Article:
Similarly, the New Testament offers significant evidence of peacemaking rather than war-making. In the Beatitudes, Jesus says explicitly, “Blessed are the peacemakers, for they will be called children of God” (Matthew 5:9, NRSV). Furthermore, Jesus carried no weapon with him in his itinerant ministry, and asked that his friends “turn the other cheek” to those who would do them violence (Matthew 5:39, NRSV), to expose the shame of using violence to overpower others. Jesus even refused to do violence to those who would arrest him, rebuking his friends for injuring the high priest’s servant (Luke 22:49-51), and praying on the Cross that God would forgive his persecutors (Luke 23:34). 

So, we can see [in various sources] that violence, especially the violence of domination, is inherently shameful.

In the same vein as Jesus, who appeared dramatically to stop him from doing violence to Jewish Christians (Acts 9:1-6), Saint Paul asks that his colleagues in the Roman church bless those who seek to do them wrong: “So far as it depends on you, live peaceably with all. …  ‘If your enemies are hungry, feed them; if they are thirsty, give them something to drink, for by doing this you will heap burning coals on their heads.’ Do not be overcome by evil but overcome evil with good” (Romans 12:17-21, NRSV). In Galatians, Paul even calls peace a “fruit of the Spirit,” in contrast to the sinful desires in which we human beings are often engaged (5:22-23, NRSV). So, we can see that various sources in the Old and New Testaments promote peacemaking and harmony, with an eye towards demonstrating that violence, especially the violence of domination, is inherently shameful.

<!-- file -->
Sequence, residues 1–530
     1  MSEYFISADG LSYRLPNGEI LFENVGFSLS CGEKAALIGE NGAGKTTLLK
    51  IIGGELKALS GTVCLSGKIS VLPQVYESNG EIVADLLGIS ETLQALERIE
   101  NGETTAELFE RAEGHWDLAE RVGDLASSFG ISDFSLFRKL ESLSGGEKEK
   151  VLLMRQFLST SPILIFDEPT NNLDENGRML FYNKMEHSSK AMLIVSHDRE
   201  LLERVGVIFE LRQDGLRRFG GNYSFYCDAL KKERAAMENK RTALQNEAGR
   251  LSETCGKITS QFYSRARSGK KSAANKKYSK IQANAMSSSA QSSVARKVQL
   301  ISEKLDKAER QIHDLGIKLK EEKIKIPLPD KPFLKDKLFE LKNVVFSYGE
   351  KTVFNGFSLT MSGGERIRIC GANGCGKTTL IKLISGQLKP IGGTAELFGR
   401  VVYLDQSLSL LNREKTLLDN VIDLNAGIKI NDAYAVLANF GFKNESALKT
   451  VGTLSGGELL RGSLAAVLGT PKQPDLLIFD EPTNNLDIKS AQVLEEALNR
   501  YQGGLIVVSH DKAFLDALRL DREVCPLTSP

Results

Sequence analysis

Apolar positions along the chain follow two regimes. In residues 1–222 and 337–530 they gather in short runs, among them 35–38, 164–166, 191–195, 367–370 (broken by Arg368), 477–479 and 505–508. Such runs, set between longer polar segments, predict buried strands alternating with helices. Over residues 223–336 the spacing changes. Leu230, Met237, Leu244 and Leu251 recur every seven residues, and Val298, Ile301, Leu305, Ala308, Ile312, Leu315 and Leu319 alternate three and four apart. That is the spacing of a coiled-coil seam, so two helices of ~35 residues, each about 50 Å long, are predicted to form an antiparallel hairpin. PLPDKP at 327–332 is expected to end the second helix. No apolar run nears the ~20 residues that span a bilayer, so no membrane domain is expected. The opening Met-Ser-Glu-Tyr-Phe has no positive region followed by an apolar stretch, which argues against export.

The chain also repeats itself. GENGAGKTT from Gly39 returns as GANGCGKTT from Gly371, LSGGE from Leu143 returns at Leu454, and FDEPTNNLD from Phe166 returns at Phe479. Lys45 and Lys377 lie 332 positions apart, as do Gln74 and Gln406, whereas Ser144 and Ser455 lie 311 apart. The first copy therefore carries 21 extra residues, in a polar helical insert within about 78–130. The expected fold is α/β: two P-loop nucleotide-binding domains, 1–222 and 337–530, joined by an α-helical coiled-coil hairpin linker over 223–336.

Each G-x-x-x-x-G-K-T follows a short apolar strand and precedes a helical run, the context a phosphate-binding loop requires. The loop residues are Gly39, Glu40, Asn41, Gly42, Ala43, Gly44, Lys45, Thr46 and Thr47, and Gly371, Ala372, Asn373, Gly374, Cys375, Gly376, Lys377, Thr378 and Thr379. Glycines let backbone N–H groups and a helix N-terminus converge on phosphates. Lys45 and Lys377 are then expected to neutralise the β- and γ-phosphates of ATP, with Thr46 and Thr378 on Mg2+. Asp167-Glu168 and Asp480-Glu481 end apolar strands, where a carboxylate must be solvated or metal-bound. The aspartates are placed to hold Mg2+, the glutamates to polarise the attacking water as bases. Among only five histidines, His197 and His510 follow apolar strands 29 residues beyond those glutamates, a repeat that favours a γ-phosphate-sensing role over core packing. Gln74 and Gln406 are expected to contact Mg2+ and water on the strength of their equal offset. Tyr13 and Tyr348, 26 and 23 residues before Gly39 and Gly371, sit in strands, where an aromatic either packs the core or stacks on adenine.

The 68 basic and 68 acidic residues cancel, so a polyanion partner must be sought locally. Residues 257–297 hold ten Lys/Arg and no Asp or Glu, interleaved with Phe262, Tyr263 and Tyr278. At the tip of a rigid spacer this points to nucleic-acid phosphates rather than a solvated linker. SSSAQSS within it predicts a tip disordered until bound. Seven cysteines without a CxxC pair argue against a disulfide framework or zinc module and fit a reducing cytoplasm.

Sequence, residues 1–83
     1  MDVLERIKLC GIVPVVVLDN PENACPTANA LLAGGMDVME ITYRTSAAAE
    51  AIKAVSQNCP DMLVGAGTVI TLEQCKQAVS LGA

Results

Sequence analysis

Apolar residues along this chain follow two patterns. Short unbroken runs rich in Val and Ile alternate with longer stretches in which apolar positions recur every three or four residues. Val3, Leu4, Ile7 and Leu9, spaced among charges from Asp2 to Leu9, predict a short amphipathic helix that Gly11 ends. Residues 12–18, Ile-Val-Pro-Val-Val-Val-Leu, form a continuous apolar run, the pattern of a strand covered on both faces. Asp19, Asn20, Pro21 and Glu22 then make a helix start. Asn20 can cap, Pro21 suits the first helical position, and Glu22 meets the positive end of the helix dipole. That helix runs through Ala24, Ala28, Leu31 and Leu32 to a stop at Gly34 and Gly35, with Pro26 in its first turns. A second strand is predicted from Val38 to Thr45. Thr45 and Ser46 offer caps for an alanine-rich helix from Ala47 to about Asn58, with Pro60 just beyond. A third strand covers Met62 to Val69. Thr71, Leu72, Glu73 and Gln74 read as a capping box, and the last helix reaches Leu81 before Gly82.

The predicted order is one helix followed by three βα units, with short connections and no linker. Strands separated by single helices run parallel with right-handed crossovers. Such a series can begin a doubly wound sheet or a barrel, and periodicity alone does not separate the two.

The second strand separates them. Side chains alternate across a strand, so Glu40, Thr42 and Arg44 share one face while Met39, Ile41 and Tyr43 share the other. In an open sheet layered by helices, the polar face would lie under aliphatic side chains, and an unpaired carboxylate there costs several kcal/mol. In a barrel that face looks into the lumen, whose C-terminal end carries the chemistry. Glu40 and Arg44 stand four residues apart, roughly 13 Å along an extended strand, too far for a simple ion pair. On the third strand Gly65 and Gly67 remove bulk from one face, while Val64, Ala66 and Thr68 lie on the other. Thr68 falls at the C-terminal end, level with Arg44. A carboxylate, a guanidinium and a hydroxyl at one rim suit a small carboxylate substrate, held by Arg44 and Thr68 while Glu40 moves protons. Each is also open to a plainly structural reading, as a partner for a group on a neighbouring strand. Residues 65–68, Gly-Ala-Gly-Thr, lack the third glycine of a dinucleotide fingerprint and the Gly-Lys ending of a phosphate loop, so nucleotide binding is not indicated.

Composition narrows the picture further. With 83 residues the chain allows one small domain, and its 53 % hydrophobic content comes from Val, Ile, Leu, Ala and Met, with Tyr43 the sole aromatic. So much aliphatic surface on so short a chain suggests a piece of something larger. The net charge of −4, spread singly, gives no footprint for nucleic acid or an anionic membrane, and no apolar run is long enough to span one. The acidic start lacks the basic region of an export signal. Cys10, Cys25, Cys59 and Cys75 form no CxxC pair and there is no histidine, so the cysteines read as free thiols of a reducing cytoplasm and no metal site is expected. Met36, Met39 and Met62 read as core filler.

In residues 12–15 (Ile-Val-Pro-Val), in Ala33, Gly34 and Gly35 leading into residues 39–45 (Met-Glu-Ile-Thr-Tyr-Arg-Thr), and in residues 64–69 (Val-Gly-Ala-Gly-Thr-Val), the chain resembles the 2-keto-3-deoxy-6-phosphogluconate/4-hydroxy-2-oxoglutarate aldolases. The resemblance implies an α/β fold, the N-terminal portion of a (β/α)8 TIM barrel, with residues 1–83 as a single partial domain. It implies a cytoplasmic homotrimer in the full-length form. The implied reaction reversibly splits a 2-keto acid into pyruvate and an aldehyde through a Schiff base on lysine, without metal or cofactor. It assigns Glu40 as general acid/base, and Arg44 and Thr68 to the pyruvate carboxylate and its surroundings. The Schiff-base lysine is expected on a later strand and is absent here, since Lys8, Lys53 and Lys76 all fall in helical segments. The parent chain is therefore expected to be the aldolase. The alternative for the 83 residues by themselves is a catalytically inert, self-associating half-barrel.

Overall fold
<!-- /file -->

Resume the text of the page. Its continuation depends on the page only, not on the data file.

In our own time, there are many examples of people who followed these scriptural principles of peacemaking in opposition to structural violence. Martin Luther King Jr., eloquent preacher and revered civil rights activist, is a preeminent model of contemporary peacemaking, in the face of the violent and racist power structures that have oppressed African Americans. Daniel Berrigan and his brother Philip, both American Catholic priests, opposed the Vietnam War and remained active after it in the movement for nuclear disarmament. Lastly, helpful groups like Community Peacemaker Teams perform direct actions, and advocate through letter-writing and other campaigns, to resist powers of violence and colonialism in places such as the West Bank, northern Ontario and Manitoba, and Iraqi Kurdistan. All of these diffuse people and movements oppose the harm done by war to people of varied abilities in North America, as well as places as diffuse as Myanmar, Sudan, and the Middle East. They all illustrate how God’s just reign includes peace.

Since we’ve surveyed theologies of disability, Scripture, and the contemporary movement towards non-violence for a Christian model of peace-making, how can we help? What can we do in our churches to promote this peaceful paradigm oriented to human flourishing? Besides donating to Community Peacemaker Teams, Amnesty International, or other grassroots organizations, we can pray for, write to, and financially support organizations like the Humanitarian Coalition; we can listen to speakers who advocate for diverse perspectives in Canada and elsewhere; and we can befriend people who are lonely, distressed, and oppressed in our own contexts, by making sure that they’re fed and housed. These activities will display the radical love of a God whose Advent promises include peace with humanity and creation, a God who wants all creatures to live at peace with each other.